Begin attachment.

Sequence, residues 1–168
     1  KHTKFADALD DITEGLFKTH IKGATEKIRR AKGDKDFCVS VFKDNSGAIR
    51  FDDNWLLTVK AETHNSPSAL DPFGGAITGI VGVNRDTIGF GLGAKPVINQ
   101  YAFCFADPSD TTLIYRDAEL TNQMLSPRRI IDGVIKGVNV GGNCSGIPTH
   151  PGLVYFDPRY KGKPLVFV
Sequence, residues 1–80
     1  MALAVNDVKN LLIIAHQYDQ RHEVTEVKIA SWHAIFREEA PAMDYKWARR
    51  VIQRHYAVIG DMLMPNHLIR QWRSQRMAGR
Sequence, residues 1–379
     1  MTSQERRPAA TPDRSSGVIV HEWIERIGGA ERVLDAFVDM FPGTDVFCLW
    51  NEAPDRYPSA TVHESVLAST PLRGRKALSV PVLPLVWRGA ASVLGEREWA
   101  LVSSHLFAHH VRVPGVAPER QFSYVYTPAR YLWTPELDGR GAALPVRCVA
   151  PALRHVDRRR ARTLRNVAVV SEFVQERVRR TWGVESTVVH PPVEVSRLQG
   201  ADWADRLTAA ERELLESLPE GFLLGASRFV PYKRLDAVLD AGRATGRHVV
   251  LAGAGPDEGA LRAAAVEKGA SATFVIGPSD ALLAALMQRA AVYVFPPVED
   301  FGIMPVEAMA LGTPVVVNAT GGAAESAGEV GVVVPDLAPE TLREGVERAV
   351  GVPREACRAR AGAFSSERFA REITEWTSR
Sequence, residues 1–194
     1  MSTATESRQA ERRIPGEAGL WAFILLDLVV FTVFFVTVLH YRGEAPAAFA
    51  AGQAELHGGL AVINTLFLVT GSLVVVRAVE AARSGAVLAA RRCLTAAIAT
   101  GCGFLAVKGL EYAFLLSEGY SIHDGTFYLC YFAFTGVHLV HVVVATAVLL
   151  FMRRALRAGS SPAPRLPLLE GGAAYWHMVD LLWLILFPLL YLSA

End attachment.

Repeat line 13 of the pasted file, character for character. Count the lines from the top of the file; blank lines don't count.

   151  PALRHVDRRR ARTLRNVAVV SEFVQERVRR TWGVESTVVH PPVEVSRLQG